Judge Rules That Trump’s Ex-Campaign Chairman Paul Manafort Repeatedly Lied To Prosecutors

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In another stunning turn in the investigation to determine if Russia interfered in the 2016 U.S. elections, a federal judge ruled that Paul Manafort “intentionally” lied to investigators, according to CNN. Judge Amy Berman Jackson said that Trump’s former campaign manager violated the terms of his plea deal by lying to Robert Mueller’s federal investigators and a grand jury.

According to the ruling from a closed-door hearing on Wednesday, Manafort “intentionally made multiple false statements to the FBI, the (Office of Special Counsel) and the grand jury concerning matters that were material to the investigation.”

The decision confirms Mueller’s charges that Manafort lied during conversations about a wire payment and about his contacts with Konstantin Kilimnik, a business associate who is believed to have ties to Russian intelligence. The judge also ruled that Manafort lied during a separate Department of Justice Investigation, according to Axios.

Manafort was questioned by Mueller’s team from September to November 2018 before it was determined that he was misleading investigators. On November 26, the FBI claimed that Manafort was breaching his plea deal cooperation agreement. Mueller asserted that Manafort lied on five separate occasions and Judge Jackson ruled that the prosecutor didn’t provide enough evidence “beyond a reasonable doubt” to prove two of the claims — that the ex-chairman lied about his contacts with the Trump administration or about Kilimnik’s part in obstructing justice.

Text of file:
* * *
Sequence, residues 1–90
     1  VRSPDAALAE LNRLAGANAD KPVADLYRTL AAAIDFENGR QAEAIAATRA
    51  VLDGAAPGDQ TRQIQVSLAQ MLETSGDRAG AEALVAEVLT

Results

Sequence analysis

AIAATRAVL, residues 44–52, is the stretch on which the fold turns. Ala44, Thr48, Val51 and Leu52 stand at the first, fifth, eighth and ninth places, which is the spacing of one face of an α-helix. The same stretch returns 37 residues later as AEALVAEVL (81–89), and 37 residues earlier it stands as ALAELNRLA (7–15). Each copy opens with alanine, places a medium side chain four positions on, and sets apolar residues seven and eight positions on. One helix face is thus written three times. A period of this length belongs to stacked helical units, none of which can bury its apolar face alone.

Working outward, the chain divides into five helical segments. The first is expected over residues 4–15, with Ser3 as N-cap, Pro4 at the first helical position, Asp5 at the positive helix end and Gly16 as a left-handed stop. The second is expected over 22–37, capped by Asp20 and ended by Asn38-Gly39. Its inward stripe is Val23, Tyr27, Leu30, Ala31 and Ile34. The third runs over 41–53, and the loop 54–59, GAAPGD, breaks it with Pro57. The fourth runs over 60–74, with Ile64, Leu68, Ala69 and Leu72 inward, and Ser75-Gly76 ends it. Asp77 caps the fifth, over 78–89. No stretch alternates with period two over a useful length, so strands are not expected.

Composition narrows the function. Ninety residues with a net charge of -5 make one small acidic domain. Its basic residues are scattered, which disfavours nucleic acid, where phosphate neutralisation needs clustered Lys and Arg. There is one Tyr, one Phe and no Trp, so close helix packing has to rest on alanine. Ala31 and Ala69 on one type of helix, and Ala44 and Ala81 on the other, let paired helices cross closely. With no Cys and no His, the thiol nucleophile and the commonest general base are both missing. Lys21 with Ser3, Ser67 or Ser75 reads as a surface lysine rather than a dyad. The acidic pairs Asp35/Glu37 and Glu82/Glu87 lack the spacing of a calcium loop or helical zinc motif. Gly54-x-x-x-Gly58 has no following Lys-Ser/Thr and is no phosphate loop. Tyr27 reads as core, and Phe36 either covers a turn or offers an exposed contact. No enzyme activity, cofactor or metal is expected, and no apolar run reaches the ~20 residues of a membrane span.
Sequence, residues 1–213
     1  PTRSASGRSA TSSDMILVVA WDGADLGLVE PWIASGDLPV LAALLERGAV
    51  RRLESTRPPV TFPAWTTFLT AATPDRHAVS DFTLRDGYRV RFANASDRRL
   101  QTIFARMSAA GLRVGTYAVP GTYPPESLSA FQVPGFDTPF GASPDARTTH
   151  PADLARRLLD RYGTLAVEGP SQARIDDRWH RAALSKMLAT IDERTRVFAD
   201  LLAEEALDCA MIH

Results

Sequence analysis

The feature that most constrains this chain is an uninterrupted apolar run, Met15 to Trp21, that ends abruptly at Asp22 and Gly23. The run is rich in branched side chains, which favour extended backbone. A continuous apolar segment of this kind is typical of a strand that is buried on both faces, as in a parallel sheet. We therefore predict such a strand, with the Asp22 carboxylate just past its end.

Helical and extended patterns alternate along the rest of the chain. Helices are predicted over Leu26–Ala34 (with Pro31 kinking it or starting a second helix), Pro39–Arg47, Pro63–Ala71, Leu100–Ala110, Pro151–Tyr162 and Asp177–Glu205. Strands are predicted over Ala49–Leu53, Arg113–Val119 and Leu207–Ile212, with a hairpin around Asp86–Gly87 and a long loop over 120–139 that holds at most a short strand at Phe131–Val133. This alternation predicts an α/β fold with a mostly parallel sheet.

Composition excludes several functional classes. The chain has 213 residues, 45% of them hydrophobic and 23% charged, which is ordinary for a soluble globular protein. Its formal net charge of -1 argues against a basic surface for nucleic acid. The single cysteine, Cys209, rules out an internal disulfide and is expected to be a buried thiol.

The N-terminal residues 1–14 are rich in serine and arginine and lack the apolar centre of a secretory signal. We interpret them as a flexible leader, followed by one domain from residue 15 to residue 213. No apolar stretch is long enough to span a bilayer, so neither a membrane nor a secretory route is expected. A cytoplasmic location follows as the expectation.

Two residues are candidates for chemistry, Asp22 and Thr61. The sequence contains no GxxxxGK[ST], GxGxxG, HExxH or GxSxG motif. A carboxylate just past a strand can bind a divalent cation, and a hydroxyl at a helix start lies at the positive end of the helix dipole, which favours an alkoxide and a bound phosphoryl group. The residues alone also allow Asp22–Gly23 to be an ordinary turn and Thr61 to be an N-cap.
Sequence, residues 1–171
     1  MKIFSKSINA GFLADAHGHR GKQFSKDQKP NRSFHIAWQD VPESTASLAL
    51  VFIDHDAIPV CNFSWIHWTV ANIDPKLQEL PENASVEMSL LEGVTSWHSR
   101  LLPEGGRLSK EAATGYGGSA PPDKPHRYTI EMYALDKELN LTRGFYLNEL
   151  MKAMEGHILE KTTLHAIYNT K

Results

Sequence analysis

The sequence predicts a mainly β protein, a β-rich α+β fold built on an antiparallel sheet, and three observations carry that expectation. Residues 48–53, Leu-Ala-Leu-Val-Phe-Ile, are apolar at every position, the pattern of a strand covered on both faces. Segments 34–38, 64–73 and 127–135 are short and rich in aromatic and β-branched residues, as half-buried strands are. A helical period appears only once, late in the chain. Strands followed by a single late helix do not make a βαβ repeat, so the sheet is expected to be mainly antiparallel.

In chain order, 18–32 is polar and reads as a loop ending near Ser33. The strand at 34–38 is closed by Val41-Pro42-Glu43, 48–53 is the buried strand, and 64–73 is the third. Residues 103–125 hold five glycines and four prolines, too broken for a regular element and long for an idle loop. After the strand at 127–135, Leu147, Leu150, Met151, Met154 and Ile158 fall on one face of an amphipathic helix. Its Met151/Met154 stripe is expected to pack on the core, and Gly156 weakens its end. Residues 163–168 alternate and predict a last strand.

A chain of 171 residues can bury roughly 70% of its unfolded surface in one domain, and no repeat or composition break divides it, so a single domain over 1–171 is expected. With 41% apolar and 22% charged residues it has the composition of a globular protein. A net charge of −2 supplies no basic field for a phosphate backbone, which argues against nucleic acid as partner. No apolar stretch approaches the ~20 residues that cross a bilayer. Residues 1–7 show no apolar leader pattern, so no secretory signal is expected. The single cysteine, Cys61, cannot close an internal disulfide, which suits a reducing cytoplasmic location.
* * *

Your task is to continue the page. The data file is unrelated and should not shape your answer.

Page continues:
According to details released about the ruling, it was revealed that Mueller believes Manafort shared campaign data with Kilimnik and that he worked with Kilimnik to advance a peace plan aimed at settling the conflict between Russia and Ukraine, according to Vox, which could have resulted in the easing of sanctions on Russia. Mueller also asserts that Manafort’s legal fees were in part paid by a pro-Trump Super PAC.

Manafort has already been convicted of crimes in Virginia and has entered a guilty plea for crimes in Washington, D.C. He was charged with bank fraud, false statements, lobbying, and tax violations. As part of that plea, Manafort would have received leniency during his sentencing on March 13. However, because it was determined that he was not truthful in his dealings with investigators, he may end up receiving a harsher sentence.

Manafort has served eight months in jail already, and prosecutors don’t appear to have plans to bring further charges against him at this point. His spokesperson Peter Carr declined to comment on the ruling and Manafort’s lawyers have maintained that their client didn’t lie intentionally to prosecutors.